Prognostic value of exercise capacity among men undergoing pharmacologic treatment for erectile dysfunction: The FIT Project

Robert V. Same, Mahmoud Al Rifai, David I. Feldman, Kevin L. Billups, Clinton A. Brawner, Zeina A. Dardari, Jonathan K. Ehrman, Steven J. Keteyian, Mouaz H. Al-Mallah, Michael J. Blaha

Research output: Contribution to journalArticlepeer-review

7 Scopus citations


Background: Vascular erectile dysfunction (ED) has been identified as a potentially useful risk factor for predicting future cardiovascular events, particularly in younger men. Because these men typically score more favorably on traditional cardiovascular disease risk assessment tools, there exists a gap in knowledge for how to most appropriately identify those men who would benefit from more aggressive treatments. To date, no studies have examined the impact of fitness on cardiovascular outcomes in men with ED. This study sought to examine the prognostic impact of maximal exercise capacity on cardiovascular-related outcomes in men ages 40 to 60 years being treated for ED. Hypothesis: We hypothesized that there would be an independent association between higher baseline fitness level and lower cardiovascular events. Methods: We analyzed 1152 men with pharmacy claims file–confirmed active pharmacologic treatment for ED from the Henry Ford Exercise Testing (FIT) Project (1991–2009). All patients were free of coronary heart disease and heart failure, and underwent clinician-referred exercise stress testing, with fitness measured in metabolic equivalents of task (METs). Multivariable Cox proportional hazard models adjusted for traditional cardiovascular risk factors were used to study the association between fitness and all-cause mortality, major adverse cardiovascular events (MACE) (defined as myocardial infarction or revascularization), and incident type 2 diabetes mellitus. Results: The mean age of the population was 53 years, with 39% African Americans. In multivariable analysis, each 1 MET of fitness was associated with a 16% lower risk of death (hazard ratio [HR]: 0.84, 95% confidence interval [CI]: 0.76-0.94, P = 0.002), and a nonsignificant reduction in MACE (HR: 0.89, 95% CI: 0.79-1.003, P = 0.048), and incident diabetes (HR: 0.92, 95% CI: 0.85-1.01, P = 0.129). Conclusions: Higher baseline fitness is associated with improved cardiovascular prognosis in a population of middle-aged men treated for ED.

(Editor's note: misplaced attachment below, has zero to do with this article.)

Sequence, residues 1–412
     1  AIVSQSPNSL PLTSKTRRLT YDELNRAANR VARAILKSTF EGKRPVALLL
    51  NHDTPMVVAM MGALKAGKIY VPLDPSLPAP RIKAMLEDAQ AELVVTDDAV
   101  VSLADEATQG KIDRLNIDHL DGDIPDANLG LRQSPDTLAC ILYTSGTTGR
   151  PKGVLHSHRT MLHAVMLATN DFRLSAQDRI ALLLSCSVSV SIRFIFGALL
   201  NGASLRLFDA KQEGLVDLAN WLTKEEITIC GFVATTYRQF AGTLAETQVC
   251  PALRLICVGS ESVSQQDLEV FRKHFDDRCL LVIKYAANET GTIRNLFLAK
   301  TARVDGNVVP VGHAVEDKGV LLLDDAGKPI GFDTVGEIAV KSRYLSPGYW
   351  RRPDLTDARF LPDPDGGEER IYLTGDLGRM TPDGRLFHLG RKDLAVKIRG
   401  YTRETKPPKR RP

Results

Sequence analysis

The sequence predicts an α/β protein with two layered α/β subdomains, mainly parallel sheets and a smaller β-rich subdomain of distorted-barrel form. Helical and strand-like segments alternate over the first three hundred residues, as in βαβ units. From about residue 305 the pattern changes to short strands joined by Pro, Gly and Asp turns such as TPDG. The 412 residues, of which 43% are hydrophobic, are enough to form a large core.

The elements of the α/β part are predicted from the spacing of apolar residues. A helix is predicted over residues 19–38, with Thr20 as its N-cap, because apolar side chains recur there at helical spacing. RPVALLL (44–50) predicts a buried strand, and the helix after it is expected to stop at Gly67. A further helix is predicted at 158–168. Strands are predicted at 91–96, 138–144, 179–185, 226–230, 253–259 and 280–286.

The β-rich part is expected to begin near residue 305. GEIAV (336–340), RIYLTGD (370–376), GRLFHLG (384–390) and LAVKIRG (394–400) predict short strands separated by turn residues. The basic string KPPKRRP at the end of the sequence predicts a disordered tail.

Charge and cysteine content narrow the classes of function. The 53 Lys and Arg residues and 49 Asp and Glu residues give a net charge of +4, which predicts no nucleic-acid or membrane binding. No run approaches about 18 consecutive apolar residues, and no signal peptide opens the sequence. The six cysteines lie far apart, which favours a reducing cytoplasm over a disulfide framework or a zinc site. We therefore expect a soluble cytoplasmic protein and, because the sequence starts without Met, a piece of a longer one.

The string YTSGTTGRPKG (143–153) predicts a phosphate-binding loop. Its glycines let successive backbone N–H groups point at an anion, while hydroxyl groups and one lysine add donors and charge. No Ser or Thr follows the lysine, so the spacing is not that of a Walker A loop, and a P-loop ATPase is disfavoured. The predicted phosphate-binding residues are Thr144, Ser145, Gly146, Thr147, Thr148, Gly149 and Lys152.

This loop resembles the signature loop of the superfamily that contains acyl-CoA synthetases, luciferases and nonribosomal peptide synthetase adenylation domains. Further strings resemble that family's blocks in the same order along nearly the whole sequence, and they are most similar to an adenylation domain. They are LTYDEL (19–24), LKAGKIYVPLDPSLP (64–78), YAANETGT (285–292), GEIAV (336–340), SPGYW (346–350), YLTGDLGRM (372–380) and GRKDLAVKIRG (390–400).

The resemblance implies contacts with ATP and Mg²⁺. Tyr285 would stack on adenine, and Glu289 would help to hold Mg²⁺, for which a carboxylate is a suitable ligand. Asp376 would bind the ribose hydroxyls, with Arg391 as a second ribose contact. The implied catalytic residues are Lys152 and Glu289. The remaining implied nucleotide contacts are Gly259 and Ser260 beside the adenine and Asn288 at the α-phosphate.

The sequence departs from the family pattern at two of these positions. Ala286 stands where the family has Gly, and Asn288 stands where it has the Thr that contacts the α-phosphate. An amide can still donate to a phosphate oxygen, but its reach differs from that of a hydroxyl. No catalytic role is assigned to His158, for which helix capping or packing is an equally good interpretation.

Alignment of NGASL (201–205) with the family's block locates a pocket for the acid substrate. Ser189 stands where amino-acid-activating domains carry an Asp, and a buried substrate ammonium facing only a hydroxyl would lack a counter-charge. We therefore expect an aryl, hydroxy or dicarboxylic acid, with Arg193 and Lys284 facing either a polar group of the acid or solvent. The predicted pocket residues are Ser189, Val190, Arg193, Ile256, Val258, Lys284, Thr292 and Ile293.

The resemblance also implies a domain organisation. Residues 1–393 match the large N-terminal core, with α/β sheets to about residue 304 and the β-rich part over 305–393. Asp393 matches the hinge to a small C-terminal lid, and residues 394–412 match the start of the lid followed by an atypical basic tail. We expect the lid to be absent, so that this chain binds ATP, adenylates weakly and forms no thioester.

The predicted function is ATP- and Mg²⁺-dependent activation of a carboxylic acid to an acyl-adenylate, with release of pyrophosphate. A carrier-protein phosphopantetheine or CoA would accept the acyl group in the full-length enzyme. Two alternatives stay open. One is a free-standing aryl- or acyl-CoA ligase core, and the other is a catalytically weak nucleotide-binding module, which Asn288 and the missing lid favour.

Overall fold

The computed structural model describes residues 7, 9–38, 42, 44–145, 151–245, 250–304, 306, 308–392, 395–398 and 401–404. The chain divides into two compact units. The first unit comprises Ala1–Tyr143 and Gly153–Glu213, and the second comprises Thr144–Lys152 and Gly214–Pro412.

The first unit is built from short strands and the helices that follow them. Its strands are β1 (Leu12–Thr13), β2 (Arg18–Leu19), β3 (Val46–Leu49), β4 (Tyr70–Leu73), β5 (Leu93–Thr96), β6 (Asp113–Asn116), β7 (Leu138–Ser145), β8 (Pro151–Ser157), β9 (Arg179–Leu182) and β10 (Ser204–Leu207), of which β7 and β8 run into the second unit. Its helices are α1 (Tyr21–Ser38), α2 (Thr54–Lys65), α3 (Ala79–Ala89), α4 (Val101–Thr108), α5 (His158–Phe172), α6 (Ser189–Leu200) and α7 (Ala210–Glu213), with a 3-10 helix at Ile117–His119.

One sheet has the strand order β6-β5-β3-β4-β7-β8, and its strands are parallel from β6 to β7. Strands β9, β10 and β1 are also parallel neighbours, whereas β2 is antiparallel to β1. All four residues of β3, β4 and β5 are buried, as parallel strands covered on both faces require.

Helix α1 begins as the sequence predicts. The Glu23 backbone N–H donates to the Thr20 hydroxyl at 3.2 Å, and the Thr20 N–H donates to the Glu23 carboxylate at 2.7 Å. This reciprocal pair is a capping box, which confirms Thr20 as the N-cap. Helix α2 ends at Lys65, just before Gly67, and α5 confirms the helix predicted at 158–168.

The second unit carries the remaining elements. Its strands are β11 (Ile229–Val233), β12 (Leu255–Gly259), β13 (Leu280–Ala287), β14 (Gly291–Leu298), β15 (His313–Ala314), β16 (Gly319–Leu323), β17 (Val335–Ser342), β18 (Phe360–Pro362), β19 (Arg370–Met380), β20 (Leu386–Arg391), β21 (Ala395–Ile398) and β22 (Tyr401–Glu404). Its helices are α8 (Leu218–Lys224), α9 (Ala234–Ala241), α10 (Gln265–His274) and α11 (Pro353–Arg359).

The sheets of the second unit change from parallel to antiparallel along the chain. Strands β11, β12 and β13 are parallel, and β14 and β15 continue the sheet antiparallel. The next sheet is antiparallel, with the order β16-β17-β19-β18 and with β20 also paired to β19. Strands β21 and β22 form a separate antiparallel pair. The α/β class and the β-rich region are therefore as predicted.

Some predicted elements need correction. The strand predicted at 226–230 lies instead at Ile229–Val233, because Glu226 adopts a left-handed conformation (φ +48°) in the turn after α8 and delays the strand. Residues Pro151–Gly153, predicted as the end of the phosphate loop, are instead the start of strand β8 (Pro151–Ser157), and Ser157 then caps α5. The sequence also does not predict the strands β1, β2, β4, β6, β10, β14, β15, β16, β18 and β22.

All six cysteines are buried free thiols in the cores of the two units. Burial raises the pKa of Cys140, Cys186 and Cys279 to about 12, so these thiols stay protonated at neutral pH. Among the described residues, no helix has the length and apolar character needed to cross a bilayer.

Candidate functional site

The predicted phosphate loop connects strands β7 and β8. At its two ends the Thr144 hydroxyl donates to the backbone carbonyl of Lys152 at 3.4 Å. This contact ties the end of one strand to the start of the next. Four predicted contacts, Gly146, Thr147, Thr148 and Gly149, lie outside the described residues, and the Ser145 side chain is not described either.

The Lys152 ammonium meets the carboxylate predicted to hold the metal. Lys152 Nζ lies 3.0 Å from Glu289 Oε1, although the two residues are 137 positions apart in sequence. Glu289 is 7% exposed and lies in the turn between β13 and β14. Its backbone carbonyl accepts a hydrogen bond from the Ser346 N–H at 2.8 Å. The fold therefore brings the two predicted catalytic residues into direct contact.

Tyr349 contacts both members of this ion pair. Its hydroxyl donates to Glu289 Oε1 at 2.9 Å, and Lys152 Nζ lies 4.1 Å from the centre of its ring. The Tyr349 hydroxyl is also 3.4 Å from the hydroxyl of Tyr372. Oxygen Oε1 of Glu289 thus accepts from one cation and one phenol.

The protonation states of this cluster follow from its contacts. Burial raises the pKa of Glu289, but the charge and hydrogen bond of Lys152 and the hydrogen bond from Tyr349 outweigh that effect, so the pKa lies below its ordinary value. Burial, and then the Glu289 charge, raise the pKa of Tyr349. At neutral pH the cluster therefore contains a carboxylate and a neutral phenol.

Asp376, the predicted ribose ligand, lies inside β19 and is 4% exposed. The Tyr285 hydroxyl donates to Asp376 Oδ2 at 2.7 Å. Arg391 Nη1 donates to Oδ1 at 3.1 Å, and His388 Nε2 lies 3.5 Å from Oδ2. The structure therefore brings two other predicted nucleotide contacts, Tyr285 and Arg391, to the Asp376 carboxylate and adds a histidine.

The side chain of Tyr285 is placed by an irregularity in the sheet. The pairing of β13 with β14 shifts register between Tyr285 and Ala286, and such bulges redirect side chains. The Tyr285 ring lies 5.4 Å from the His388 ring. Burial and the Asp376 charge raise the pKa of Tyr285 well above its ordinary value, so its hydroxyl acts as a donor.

Original languageEnglish (US)
Pages (from-to)1049-1054
Number of pages6
JournalClinical Cardiology
Issue number11
StatePublished - Nov 2017


  • Endothelial Function/Dysfunction
  • Exercise Physiology
  • Exercise Testing
  • Preventive Cardiology

ASJC Scopus subject areas

  • Cardiology and Cardiovascular Medicine


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